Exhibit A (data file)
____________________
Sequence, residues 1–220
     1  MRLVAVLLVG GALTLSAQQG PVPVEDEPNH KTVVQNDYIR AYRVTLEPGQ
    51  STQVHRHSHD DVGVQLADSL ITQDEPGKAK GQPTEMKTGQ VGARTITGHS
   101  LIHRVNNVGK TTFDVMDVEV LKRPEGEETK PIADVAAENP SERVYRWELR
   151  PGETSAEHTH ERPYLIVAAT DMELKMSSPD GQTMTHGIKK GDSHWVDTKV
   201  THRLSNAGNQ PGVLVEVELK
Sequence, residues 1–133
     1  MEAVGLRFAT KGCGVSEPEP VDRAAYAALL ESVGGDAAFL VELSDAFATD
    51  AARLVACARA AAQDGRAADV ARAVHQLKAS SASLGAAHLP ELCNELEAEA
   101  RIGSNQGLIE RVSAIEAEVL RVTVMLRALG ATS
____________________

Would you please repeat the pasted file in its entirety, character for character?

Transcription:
Sequence, residues 1–220
     1  MRLVAVLLVG GALTLSAQQG PVPVEDEPNH KTVVQNDYIR AYRVTLEPGQ
    51  STQVHRHSHD DVGVQLADSL ITQDEPGKAK GQPTEMKTGQ VGARTITGHS
   101  LIHRVNNVGK TTFDVMDVEV LKRPEGEETK PIADVAAENP SERVYRWELR
   151  PGETSAEHTH ERPYLIVAAT DMELKMSSPD GQTMTHGIKK GDSHWVDTKV
   201  THRLSNAGNQ PGVLVEVELK
Sequence, residues 1–133
     1  MEAVGLRFAT KGCGVSEPEP VDRAAYAALL ESVGGDAAFL VELSDAFATD
    51  AARLVACARA AAQDGRAADV ARAVHQLKAS SASLGAAHLP ELCNELEAEA
   101  RIGSNQGLIE RVSAIEAEVL RVTVMLRALG ATS